JBoss.org Community Documentation

Chapter 5. Adding behaviour with AOP

5.1. Creating an aspect
5.2. Configuring the microcontainer
5.3. Applying an aspect
5.4. Lifecycle callbacks
5.5. Adding service lookup through JNDI

Object Oriented Programming (OOP) contains many useful techniques for software development including encapsulation, inheritance, and polymorphism but does not solve the problem of how to address logic that is often repeated in many different classes. Examples of this include logging, security, and transactional logic which is traditionally hard-coded into each class making the source code difficult to maintain. We call logic of this nature a 'cross-cutting concern' as it typically applies across class hierarchies.

Aspect Oriented Programming (AOP) provides a solution to this by allowing cross-cutting concerns to be applied to classes after they have been compiled. This keeps the source code free of logic which is not central to the main purpose of the class and aids maintenance. The way it is done varies depending on the AOP implementation. Typically if a class implements an interface then all method calls to an instance of the class first pass through a proxy that implements the same interface and adds in the required behaviour. Alternatively, if an interface is not used, then the java bytecode of the compiled class is modified so that the original methods are renamed and replaced by methods that implement the cross-cutting logic. These new methods then call the original methods after the cross-cutting logic has been executed. The same result can be achieved by modifying the bytecode to create a subclass of the original class that overrides its methods. The overriden methods then execute the cross-cutting logic before calling the corresponding methods of the super class.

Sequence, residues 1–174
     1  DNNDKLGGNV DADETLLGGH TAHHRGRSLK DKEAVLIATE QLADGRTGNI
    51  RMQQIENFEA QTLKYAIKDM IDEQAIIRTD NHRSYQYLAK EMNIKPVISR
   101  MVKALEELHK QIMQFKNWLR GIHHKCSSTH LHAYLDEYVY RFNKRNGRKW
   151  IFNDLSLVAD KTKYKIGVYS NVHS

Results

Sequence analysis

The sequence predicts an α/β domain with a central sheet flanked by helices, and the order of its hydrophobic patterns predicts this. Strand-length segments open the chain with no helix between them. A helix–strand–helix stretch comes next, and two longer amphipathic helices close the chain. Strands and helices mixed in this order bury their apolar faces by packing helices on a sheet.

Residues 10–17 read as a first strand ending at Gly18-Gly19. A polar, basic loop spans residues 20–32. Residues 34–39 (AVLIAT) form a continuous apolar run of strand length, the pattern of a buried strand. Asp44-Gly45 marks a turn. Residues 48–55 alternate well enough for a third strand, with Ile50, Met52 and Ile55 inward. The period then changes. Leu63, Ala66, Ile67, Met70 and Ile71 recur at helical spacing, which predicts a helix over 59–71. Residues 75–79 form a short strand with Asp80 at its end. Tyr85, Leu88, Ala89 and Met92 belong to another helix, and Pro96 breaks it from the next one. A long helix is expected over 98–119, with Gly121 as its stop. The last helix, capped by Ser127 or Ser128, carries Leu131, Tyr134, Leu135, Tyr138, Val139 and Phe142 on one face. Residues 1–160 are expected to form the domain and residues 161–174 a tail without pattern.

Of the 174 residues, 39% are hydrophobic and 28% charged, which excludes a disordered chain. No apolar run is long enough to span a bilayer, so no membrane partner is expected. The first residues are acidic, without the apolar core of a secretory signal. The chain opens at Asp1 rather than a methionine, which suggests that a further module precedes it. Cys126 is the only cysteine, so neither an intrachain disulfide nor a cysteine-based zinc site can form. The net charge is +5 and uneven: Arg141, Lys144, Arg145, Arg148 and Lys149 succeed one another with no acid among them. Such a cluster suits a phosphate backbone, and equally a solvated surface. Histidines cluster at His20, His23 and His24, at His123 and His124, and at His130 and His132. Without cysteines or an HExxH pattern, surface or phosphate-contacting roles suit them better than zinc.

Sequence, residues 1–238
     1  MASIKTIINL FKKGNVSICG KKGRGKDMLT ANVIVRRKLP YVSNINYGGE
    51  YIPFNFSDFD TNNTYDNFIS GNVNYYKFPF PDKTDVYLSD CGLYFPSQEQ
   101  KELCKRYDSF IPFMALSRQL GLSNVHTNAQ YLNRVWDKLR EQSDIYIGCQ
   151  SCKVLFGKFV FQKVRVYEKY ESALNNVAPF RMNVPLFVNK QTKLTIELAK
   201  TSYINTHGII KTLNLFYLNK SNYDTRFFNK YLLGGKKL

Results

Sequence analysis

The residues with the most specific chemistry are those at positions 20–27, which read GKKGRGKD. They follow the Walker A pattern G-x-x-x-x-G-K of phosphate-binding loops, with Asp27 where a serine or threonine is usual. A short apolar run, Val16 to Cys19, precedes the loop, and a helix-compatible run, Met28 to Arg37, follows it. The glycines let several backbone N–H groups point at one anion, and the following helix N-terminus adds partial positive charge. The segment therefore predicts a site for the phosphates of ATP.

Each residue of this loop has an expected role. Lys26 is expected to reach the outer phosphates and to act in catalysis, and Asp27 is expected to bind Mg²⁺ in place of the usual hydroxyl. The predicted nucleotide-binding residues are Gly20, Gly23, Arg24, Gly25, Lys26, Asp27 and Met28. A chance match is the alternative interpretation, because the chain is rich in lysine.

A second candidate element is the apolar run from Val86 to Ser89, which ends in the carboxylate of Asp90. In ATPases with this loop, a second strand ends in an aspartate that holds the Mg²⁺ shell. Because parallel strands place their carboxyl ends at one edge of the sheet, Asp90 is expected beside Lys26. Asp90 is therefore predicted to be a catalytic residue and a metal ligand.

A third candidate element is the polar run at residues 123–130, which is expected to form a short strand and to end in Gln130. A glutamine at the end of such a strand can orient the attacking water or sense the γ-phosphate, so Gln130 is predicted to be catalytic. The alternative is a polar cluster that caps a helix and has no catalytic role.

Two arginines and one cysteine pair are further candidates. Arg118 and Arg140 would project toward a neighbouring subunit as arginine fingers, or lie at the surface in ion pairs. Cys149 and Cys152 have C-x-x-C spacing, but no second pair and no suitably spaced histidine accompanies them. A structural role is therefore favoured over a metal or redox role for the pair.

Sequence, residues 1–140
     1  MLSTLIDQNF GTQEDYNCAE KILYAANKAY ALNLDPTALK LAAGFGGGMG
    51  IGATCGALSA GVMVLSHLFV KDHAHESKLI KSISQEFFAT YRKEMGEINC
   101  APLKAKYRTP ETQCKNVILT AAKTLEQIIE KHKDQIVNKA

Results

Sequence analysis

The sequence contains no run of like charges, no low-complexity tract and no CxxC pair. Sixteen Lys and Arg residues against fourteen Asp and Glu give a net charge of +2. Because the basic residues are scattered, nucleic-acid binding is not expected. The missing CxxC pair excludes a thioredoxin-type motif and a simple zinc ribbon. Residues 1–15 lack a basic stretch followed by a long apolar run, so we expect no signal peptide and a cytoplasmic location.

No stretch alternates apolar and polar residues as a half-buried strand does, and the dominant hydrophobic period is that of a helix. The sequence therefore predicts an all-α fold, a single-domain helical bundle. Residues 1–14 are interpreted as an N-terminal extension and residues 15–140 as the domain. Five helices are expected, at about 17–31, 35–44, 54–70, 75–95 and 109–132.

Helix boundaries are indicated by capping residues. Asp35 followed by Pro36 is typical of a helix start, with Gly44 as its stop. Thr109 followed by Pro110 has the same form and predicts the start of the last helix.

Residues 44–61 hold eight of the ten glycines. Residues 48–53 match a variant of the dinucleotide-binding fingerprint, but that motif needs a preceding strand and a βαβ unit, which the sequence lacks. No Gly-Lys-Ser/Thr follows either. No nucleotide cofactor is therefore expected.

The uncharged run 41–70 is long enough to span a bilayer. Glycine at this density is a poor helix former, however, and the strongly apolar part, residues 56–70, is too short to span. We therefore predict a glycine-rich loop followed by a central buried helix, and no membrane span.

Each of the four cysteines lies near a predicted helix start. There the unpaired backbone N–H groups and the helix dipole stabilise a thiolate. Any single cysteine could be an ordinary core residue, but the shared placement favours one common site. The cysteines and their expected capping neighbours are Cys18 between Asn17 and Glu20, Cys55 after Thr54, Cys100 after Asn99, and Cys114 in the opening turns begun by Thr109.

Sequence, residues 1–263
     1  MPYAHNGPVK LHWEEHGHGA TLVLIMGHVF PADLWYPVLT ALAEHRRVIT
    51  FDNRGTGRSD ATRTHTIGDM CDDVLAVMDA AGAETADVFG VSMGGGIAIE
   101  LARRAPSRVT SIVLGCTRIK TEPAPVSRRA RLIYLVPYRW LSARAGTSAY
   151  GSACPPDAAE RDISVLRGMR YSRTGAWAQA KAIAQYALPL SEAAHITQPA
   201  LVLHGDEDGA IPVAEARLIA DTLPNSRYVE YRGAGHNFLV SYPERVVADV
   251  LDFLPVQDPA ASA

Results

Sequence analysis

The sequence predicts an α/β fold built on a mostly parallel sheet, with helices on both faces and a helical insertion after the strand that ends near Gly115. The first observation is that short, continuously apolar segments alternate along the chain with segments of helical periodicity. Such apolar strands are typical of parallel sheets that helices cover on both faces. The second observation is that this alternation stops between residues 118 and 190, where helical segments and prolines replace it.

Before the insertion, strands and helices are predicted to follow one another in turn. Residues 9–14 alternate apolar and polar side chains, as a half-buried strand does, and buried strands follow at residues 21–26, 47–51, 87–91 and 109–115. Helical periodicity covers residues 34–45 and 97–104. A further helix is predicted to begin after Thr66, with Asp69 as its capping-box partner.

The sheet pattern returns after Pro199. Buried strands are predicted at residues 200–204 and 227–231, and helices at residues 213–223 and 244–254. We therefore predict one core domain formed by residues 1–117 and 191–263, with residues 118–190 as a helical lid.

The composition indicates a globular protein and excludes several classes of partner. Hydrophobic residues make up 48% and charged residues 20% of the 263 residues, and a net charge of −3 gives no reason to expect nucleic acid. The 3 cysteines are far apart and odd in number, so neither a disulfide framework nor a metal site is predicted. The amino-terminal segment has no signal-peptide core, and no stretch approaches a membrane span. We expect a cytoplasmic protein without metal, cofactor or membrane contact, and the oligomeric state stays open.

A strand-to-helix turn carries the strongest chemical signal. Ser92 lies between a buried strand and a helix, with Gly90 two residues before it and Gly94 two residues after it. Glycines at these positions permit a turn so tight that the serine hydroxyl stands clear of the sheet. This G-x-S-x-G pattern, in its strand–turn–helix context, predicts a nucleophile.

JBoss AOP is a framework for Aspect-Oriented Programming that allows you to create cross-cutting concerns using conventional java classes and methods. In AOP terminology each concern is represented by an aspect that you implement using a simple POJO. Behaviour is provided by methods within the aspect called advices that follow certain rules for their parameter and return types together with any exceptions that they throw. Other than this you are free to use conventional object-oriented notions such as inheritance, encapsulation, and composition in order to make your cross-cutting concerns as maintainable as possible. Aspects are applied to code using an expression language that allows you to specify which constructors, methods and even fields to target. This means that you can quickly change the behaviour of a number of classes simply by editing a configuration file.

In this chapter we are going to look at using JBoss AOP together with the microcontainer to create and apply an auditing aspect to the Human Resources Service. We could choose to place auditing code within the HRManager class but it would detract from the main purpose of the class and add unnecessary complexity. The design of the aspect will ensure that it can also be used with other classes if our requirements change at a later date.

We shall also look at how AOP can be used to apply additional behaviour during the deployment phase. Specifically we will show how you can create and bind a proxy to a bean instance into a basic JNDI service so that you can access it using a JNDI lookup instead of the microcontainer controller.